Ings isn’t one of those SF writers who explains in great detail how his fictional world came to be. Rather, he drops a hint here, a tantalizing bit of dialogue there, and the resulting sense of uncertainty actually adds a layer of suspense to the story. His fictional world—an earth that followed a different historical path from our own—is beautifully constructed, with three different human subspecies, and around that world, he builds a wildly complex and decidedly surreal plot that concerns an alternate UK in which the primary narrator, an architect from Yorkshire, is drawn into a high-tech global crisis stemming from the fracturing of humanity into those three subspecies. Meanwhile, the narrator, often speaking in the second person, must deal with a range of realistically rendered domestic issues typical of mainstream fiction. In all, it’s a wonderfully imaginative story, the sort of thing Adam Roberts might write, or perhaps Christopher Priest: stories about history that didn’t happen but feels oddly like it did, and characters who are very different from us but at the same time very familiar. For those who don’t mind if their alternate worlds are liberally dosed with surrealism, this is likely to be a very special book.
David Pitt, Booklist
In The Smoke, Simon Ings takes familiar science fiction ingredients – alternate history, immortality, genetic manipulation/mutation, space exploration and body swapping – and bakes a magnificent, albeit utterly insane, cake.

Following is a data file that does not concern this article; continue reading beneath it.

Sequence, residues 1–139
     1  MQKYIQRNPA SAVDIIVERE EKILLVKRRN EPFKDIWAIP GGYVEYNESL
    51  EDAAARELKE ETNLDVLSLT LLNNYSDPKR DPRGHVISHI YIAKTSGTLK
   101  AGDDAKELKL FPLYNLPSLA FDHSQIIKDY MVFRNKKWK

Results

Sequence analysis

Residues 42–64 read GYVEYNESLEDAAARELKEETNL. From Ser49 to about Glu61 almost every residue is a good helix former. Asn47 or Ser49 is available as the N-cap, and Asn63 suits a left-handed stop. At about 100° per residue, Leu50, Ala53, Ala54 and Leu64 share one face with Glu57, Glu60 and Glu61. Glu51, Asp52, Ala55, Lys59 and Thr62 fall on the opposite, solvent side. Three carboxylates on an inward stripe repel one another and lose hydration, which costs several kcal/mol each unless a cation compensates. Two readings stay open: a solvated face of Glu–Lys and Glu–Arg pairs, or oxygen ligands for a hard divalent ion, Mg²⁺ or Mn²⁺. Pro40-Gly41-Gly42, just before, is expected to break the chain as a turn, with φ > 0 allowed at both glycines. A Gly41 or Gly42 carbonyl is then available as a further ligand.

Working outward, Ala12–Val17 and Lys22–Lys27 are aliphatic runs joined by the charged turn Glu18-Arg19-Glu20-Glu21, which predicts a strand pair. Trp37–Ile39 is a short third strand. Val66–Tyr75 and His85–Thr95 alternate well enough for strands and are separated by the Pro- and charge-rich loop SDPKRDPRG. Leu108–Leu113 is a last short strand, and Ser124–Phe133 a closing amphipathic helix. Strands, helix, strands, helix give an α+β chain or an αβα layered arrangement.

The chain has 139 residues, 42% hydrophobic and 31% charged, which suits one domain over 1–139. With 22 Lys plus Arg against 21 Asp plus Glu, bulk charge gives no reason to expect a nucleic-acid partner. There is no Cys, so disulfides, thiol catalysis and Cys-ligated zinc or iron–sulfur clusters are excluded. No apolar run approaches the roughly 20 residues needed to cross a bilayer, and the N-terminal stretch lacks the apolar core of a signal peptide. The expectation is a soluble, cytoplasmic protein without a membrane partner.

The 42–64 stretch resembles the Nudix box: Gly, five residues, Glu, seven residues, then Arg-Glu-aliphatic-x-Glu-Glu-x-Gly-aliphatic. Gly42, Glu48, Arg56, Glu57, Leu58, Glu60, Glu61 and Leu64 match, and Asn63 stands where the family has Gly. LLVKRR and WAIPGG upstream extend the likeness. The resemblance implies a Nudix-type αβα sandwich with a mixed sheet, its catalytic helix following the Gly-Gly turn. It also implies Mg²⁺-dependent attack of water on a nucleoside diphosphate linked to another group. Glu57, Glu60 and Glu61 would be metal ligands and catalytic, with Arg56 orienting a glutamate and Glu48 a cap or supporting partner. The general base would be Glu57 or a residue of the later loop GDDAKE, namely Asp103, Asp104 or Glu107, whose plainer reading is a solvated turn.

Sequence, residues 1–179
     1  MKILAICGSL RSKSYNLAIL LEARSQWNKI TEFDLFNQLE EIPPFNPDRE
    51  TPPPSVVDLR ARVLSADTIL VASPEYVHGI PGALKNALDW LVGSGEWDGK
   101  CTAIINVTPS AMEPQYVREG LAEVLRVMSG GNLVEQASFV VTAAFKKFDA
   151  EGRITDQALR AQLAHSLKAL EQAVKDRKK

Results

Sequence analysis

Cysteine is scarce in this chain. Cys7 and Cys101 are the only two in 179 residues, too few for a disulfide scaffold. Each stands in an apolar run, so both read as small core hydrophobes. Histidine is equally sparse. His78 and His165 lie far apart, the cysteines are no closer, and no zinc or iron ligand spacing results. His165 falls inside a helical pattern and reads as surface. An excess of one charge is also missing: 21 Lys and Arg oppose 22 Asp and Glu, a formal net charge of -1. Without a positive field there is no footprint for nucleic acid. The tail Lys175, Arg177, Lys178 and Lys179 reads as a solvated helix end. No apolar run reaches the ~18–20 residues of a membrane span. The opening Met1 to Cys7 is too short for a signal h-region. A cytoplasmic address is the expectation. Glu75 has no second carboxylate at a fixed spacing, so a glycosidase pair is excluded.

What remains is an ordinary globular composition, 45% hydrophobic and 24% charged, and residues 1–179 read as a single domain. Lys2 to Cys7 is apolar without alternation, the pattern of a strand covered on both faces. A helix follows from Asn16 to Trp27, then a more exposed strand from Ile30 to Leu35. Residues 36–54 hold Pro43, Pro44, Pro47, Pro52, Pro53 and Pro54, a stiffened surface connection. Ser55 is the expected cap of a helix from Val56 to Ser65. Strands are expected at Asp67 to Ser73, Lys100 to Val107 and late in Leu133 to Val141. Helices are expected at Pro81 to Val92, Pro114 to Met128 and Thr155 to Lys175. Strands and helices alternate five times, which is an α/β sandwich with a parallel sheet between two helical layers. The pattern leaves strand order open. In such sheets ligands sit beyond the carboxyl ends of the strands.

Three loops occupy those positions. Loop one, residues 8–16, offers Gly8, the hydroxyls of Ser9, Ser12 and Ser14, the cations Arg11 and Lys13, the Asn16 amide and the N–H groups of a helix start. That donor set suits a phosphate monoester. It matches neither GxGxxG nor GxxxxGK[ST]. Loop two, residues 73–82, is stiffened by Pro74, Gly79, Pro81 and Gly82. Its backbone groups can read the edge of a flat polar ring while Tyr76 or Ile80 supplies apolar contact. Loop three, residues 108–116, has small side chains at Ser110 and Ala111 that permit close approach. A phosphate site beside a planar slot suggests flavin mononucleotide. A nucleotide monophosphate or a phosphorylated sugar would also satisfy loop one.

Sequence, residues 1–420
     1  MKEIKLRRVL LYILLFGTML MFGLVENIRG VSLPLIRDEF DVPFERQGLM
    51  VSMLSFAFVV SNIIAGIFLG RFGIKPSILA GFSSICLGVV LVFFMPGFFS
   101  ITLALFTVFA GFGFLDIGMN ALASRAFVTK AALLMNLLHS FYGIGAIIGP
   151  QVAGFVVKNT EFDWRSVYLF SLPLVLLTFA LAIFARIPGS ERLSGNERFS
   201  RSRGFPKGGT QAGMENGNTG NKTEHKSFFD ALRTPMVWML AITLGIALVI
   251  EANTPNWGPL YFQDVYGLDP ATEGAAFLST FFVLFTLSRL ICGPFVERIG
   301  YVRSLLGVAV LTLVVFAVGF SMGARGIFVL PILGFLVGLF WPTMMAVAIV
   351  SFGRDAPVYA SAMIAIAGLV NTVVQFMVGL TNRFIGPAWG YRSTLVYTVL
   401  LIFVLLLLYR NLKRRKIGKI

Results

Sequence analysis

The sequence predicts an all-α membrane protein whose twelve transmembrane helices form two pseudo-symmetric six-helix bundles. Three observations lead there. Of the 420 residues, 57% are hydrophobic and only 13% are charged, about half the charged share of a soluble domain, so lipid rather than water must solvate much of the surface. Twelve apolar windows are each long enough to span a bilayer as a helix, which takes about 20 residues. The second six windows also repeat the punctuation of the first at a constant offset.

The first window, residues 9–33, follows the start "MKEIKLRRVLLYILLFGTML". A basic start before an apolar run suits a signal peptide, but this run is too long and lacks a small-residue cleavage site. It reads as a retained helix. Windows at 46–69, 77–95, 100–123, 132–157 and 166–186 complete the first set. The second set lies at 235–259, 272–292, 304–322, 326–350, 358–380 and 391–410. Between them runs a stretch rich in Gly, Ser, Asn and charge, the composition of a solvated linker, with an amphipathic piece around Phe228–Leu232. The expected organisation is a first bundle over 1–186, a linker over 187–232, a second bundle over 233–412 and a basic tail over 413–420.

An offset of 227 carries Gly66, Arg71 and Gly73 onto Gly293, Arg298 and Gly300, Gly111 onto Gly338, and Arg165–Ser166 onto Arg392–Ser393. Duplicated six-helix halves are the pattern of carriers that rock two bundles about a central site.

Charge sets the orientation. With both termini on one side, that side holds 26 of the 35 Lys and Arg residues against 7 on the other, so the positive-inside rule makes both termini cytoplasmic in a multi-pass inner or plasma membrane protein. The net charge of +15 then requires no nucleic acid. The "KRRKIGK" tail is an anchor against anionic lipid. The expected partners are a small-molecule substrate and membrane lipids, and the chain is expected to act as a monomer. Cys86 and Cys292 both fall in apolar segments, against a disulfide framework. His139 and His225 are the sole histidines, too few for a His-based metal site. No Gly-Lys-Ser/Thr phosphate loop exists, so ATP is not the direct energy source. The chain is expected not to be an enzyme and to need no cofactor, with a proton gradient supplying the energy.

The Smoke is genre, and was published by a genre imprint, but it’s not a book that invites easy description. It does some things I don’t think I’ve seen genre novels do before, and it crashes together ideas that really shouldn’t work on their own, never mind side by side.
Beautifully and evocatively written, The Smoke is a thrilling thought-experiment in social schisms, technology and the ethics of immortality.
Liz Jensen, author of The Ninth Life of Louis Drax
The Smoke is a stunning, clever and wildly original book: an exquisite sci fi fantasy and a lucid meditation on the nature of humanity and the mortal self. Simon Ings has confirmed his reputation as one of the most philosophically brilliant and imaginative writers around.
Joanna Kavenna, author of The Birth of Love
Astonishing, gripping, horrifying, redemptive, The Smoke sizzles with intelligence and heart.
So many strong ideas here drift from hard sf extrapolation into alluring strangeness: a triumph of the weird.
Matthew de Abaitua, author of Self & I
A mindblowing exploration of a parallel present but also, at root, an exploration of love.